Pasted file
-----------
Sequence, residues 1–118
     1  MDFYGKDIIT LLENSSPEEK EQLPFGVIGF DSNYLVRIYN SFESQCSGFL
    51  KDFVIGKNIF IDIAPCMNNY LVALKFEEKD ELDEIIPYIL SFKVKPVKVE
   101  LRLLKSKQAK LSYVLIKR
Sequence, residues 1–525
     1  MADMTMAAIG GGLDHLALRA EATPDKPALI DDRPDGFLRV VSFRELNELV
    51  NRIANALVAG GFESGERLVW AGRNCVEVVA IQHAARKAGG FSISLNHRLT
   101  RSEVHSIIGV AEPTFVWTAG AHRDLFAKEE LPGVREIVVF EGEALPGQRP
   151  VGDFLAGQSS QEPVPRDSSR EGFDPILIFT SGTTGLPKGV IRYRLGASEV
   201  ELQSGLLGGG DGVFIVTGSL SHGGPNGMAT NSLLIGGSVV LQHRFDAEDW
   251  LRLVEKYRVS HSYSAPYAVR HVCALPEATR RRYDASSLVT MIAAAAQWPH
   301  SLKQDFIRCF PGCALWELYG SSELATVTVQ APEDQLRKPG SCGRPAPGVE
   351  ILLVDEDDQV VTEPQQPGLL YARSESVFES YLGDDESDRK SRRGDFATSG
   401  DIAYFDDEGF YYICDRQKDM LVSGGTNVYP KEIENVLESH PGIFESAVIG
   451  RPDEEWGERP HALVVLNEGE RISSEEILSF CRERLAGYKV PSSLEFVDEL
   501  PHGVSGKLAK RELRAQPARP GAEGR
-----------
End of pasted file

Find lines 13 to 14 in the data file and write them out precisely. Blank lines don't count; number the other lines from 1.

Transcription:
   351  ILLVDEDDQV VTEPQQPGLL YARSESVFES YLGDDESDRK SRRGDFATSG
   401  DIAYFDDEGF YYICDRQKDM LVSGGTNVYP KEIENVLESH PGIFESAVIG